For this reason Mr. Kent should call for the immediate dismissal of all those who colluded and are responsible for embarrassing him in the public purview. This should be done immediately, a full retraction be published indicating that mooring fees were always intended to part of the three year fee freeze so it  can then become part of the Trudeau administrations problem.
Kindest regards,
Brian Cowper”

Email from reader Bob:
“Great recitation of the party line, Diane. You stated that “It was clear in the Minister’s announcement that the fee freeze decision targeted lockage services.” Oh yeah?. Go to http://www.pc.gc.ca/eng/ar-sr/lpac-ppri/peas-slmp.aspx. It appears to me that when Parks Canada wants my money, lockage fees and mooring fees are part and parcel of the same product. And while I’m at it, lockage fees are frozen? I don’t think so. It used to be that a six day pass would allow me to get from Trenton to Peterborough and back on the Trent-Severn. With the ridiculous flying crews, I can only make it halfway. So you have effectively doubled my rates. No wonder Parks Canada has lost credibility with the boating public.
Bob”

Response from Parks Canada Representation via email:
Subject: Re: Mooring fee increases are alive and well.

I would like to take a moment to provide some information to the issue being discussed related to moorage fees for Parks Canada waterways.  First I want to assure you that Parks Canada and the team we have on canals are committed to the success of the canals.  We have financial realities, like
any organization or business.  We also, through the exchanges, have become aware of opportunities for new service offers and revenue generation opportunities.  We are committed explore these opportunities and move in new directions that can benefit canals and their communities of interest.

In regards to the fee process and specifically mooring I would offer the following clarification.  Following the complaint resolution phase of public consultations on the new fee proposals, the Agency received four formal canal complaints which were referred to an Independent Advisory Panel as per the User Fees Act.  Two complaints were related to lockage only and the other two to lockage and moorage.  As per the User Fee Act the Agency established an Independent Advisory Panel and prepared to hear the complaints.

On May 14, 2013 Minister Kent announced after extensive comments and ideas on the proposed canal lockage fee, and in consultation and with canal Government MPs, that Parks Canada will freeze recreational lockage fees along Canada’s historic canals for three years at 2008 levels. He further announced that during this time, Parks Canada will work with local Members of Parliament, community leaders and the tourism industry to develop and implement an improved operating model to ensure the long term financial sustainability of the canals operations.  He stated that these long term solutions will need to address all aspects of the canals operations.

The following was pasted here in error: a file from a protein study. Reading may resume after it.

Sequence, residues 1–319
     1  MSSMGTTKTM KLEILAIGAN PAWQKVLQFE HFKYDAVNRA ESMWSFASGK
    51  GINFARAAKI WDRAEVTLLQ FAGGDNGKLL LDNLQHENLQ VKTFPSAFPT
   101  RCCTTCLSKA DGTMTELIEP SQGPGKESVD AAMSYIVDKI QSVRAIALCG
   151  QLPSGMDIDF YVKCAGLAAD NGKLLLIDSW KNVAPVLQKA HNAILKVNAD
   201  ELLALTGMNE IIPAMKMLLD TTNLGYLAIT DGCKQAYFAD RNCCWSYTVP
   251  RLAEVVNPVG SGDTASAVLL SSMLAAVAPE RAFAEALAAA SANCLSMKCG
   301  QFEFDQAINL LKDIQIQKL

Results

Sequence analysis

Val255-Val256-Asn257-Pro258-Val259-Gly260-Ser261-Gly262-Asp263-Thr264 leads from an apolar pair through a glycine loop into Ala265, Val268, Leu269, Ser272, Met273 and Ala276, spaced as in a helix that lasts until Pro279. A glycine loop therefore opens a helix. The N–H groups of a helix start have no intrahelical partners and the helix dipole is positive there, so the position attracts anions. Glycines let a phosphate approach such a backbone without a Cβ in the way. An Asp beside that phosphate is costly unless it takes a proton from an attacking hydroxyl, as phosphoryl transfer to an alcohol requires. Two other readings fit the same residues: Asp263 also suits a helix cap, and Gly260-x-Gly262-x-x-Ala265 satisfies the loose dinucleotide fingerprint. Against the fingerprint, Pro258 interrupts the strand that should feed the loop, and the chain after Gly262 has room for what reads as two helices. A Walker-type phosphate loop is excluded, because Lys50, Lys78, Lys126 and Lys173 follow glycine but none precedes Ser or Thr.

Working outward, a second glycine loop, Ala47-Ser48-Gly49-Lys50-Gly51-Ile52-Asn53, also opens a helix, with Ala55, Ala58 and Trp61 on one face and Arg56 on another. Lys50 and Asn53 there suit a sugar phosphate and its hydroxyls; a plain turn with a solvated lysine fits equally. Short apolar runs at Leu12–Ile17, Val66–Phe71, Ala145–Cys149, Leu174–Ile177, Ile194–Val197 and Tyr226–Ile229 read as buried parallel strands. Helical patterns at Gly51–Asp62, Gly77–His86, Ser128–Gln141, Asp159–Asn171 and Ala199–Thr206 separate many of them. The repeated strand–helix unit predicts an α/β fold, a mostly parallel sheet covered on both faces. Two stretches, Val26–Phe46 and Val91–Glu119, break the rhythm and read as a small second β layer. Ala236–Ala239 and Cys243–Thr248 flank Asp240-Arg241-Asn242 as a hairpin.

Following the announcement of this decision all formal complainants withdrew their complaints.  It was the decision of the complainants that their issues had been resolved.  Following the User Fee Act there was no longer a need to move forward with the Independent Advisory Panel.

It was clear in the Minister’s announcement that the fee freeze decision targeted lockage services (
http://www.pc.gc.ca/apps/cp-nr/release_e.asp?id=1987&andor1=nr).  National fees for mooring, an activity that occurs in several Parks Canada  locations (not only in canals), remain in the fee proposal package that will be considered by Parliament.  Following this review and considering any recommendations of Parliament, the fees are then approved by the Minister responsible for Parks Canada under the Parks Canada Agency Act.  The fees will then be published in the Canadian Gazette and implemented by Parks Canada.  Due to the timing of this process Parks Canada has committed to maintaining the canal moorage fees on the canals at the 2008 level for the 2013 operating season.

I would like to conclude with Parks Canada commitment to work in partnership with others to ensure Canada’s historic canal waterways meet their potential as world class sites, vibrant and animated. As part of the long-term financial sustainability planning for the canal operations,
Parks Canada is already considering new visitor opportunities that will benefit a broad range of canals users, and create new sources of revenue, all while maintaining support for our tourism operators and industry.

I look forward to speaking with many of you in the coming months as we move forward.

Sincerely,

Darlene Upton
Darlene.Upton@pc.gc.ca

Murray Swing Bridge - Trent Severn